Our collective understanding of marketing has a massive hangover from the pre-Internet days. If you ask most people to define marketing, they’d go with definitions like “to inform about the product”, “to create brand awareness” or “to spread the word”. All these definitions are wrong because of the same reason: they serve company’s goals, not customers’.
This error of thinking in which the entrepreneur assumes customers have same motivations as s/he has is called the mind projection fallacy. This error is very common and hard to cure. I’ve written about how it affects entrepreneurs when they design products, get excited about new technology or seek new startup ideas.
In this post, I’ll talk the same error from the marketing standpoint and provide a framework to help design marketing campaigns that don’t fail miserably. (Whether they’re effective or not depends on creativity. Frameworks are inert. Their application is everything)
Nobody cares about your company / product / marketing campaign
If I were to compress my startup advice into one paragraph, it go something like this:
People are busy with their lives. They don’t care that you’re passionate about X. They’ll start caring if your passion makes them passionate about their goals (which usually happens through a deep understanding of their goals, tribes they belong to and emotions they relate to)
There’s essentially not much difference between effective marketing and effective products: both convince the customer to invest in you (attention in the former case, money/time in the latter case). Great marketing campaigns and products go even further: they convince people to market to their friends on your behalf.
How do some marketing campaigns manage to get spread while word of mouth while others struggle to even get noticed? To answer that, first, answer another question.
How many ads do you remember seeing yesterday?
Seriously, close your eyes for 30 seconds and recall all the ads (online or offline) you saw yesterday. Did that? Promise?
Even though you likely saw 100s of ads (on TV, billboards, online, logos), if you’re like most people, you wouldn’t be able to recall more than a few. (I’m able to recall exactly zero ads from yesterday, and yes, I closed my eyes too).
The reason for this inability to recall ads is because: a) consumers are bombarded with ads; b) marketers are not willing to accept this reality. Most marketers underestimate the extent of competition for consumers’ attention.
We’re hungover from pre-Internet days because we assume that when the ad is seen by the consumer, it registers in her mind. That might have been true in days when people would sit and watch Seinfeld together or in early web era when banners had a 44% click rate. But, today, it’s different: we are Tweeting, watching Netflix and answering emails, all at the same time.
The world is different now. Marketers need to understand that their main competition is not other ads, but Twitter, Facebook, Netflix and Youtube.
The MER framework: what motivations do your consumers? What emotions will they relate to? how much do you need to repeat?
The Motivation Part
The first step to being a good marketer it to realize that in your target market, only a few are actively searching for your product and consumers at different stages have different motivations / goals. Most of the consumers in target market are either uninterested at the time they see the ad or only passively looking. The same ad cannot talk to consumers at different stages of purchase journey.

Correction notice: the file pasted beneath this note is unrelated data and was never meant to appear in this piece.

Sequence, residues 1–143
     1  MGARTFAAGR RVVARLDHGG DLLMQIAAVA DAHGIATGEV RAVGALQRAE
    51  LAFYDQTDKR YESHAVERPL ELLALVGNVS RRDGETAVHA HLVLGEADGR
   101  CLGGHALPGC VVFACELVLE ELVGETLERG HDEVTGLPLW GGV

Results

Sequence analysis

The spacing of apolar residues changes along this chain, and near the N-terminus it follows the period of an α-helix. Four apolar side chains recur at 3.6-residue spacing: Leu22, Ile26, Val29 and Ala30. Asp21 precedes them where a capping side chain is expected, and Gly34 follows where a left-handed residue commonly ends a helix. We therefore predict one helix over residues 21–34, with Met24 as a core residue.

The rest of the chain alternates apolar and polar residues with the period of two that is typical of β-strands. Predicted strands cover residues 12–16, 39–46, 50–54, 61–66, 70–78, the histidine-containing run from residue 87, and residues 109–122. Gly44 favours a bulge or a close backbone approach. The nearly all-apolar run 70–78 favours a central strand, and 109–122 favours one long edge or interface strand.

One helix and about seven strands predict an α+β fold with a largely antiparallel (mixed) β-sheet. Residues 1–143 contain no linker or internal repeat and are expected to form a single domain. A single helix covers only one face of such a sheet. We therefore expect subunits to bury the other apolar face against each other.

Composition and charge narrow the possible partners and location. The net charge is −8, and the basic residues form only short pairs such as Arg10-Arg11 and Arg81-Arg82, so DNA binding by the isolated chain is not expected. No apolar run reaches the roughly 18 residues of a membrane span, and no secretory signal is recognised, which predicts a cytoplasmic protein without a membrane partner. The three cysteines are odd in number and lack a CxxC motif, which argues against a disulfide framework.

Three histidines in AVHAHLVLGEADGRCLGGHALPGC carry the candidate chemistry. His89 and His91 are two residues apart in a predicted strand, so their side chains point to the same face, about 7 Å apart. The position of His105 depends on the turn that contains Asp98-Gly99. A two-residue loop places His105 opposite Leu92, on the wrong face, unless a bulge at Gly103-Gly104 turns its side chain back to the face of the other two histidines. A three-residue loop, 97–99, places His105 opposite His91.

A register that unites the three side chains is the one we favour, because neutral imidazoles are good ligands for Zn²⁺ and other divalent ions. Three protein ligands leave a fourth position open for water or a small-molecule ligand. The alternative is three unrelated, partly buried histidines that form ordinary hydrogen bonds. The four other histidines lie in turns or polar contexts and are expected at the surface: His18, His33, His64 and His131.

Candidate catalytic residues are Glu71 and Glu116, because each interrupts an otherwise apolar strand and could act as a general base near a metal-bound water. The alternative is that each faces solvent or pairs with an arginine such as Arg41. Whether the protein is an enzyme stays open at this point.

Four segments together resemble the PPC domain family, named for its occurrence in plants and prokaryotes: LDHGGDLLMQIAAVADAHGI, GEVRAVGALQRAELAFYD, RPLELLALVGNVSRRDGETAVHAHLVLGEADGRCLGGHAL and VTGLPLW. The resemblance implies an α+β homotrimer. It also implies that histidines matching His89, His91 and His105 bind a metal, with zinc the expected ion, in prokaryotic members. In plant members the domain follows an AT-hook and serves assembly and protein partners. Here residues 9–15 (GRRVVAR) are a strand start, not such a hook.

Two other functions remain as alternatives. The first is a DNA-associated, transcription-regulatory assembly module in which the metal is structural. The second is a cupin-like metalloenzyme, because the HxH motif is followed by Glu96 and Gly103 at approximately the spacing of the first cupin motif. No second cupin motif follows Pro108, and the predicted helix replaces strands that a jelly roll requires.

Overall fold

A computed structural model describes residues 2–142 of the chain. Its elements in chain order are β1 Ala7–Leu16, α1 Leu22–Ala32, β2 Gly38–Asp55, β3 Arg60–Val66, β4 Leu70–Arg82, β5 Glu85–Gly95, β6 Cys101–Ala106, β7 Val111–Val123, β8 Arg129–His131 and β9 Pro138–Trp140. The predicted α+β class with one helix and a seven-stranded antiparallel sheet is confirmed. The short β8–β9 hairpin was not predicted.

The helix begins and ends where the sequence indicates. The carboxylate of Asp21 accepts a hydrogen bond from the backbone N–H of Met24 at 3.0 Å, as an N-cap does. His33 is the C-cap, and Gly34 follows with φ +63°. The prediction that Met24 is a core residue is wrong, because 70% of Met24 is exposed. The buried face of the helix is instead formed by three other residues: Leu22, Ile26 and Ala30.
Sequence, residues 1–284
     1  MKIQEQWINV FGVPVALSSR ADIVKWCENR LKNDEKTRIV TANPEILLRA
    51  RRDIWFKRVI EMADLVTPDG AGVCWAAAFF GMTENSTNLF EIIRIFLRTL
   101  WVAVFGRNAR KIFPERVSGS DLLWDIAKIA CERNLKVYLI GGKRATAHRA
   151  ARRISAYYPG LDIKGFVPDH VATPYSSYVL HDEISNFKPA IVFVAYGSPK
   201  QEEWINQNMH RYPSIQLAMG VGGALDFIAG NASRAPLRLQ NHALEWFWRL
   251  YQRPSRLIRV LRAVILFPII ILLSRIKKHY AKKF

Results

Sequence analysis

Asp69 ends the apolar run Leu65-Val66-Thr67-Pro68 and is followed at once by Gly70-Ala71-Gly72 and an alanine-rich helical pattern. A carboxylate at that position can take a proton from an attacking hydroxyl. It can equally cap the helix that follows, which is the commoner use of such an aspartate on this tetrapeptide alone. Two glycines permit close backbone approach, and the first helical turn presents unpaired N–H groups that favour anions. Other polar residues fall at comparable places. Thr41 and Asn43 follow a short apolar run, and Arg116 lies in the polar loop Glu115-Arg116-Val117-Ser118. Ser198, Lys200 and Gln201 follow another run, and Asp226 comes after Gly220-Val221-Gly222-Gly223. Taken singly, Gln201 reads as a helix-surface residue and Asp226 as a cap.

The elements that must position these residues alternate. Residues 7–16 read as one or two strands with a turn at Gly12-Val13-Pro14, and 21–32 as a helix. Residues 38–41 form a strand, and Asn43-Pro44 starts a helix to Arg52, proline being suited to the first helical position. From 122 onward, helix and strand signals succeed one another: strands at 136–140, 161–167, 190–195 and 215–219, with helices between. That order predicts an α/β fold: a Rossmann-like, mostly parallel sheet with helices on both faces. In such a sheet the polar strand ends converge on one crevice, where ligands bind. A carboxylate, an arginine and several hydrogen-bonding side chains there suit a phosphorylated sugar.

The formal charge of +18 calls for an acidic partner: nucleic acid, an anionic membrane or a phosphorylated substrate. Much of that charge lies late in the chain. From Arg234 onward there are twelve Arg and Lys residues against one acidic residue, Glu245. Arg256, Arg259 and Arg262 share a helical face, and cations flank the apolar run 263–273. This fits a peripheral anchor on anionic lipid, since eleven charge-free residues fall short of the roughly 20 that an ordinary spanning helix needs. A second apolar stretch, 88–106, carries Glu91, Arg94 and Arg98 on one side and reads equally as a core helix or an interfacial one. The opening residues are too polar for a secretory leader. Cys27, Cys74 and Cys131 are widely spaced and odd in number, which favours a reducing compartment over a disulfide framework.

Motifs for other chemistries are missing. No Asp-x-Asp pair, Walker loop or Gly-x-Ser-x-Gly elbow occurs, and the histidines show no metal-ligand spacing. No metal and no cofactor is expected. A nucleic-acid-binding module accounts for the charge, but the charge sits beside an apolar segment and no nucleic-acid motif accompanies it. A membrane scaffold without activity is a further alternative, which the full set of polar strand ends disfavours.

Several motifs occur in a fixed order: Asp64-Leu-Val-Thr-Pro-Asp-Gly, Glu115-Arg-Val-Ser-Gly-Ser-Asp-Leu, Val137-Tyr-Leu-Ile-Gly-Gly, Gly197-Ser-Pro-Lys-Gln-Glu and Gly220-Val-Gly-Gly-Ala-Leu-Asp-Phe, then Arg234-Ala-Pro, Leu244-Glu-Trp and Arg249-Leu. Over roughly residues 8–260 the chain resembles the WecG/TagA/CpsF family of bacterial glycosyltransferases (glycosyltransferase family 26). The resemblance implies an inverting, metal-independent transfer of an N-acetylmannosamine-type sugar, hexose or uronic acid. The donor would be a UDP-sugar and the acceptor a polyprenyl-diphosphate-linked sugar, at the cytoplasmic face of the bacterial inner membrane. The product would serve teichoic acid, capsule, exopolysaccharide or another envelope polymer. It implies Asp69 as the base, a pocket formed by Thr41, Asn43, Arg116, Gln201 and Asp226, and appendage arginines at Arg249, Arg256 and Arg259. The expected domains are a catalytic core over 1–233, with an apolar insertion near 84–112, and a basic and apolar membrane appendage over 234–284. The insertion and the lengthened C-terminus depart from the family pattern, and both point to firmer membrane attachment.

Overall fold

Here’s what I think consumers want at different stages:
- Uninterested consumers are motivated to get dopamine rush by coming across something interesting that stokes their curiosity or makes them laugh or shocks/offends them. This is why ads that make people laugh stick in the memory for longer
- An event happens (car breaks down, website conversions go down, friend impresses others with a new smartphone) and consumers start passively looking for ways to make their life better in specific areas (that they identify)
- Passively interested consumers are motivated to look for specific information about products and services. They ask themselves: what aspects do they most care about? Cost, fuel savings, page speed, the speed of integration, screen size, etc. This is a stage where companies need to shape opinions (and not sell, because they’re not actively looking)
- Another event happens (car doesn’t start again, website conversions go down again, another friend buys a new phone) and the consumer resolves to make a purchase. The motivation is to get the best value for themselves.
- Now these actively interested consumers know what they want and are looking for trust-building messages/interactions with a company to finally take the leap and make a purchase. These trust building messages range from social proof to awards to how salespeople treat them in showrooms to online reviews and money back guarantees
- After making a purchase, they’re still skeptical customers and initial interactions with product/service is a deciding factor towards whether they would potentially stick around as long-term customers. People form their trust/mistrust very early on, so their experience of first few seconds, hours and days with your product is important
- Even when they stick around as customers, they’ll not do word of mouth unless: a) you make it really easy to do so (remove frictions); b) doing that makes them look smarter (deliver value to them). Customers don’t go out and tell people about products they use, they do that only for products that make them look/sound successful (brag) around their friends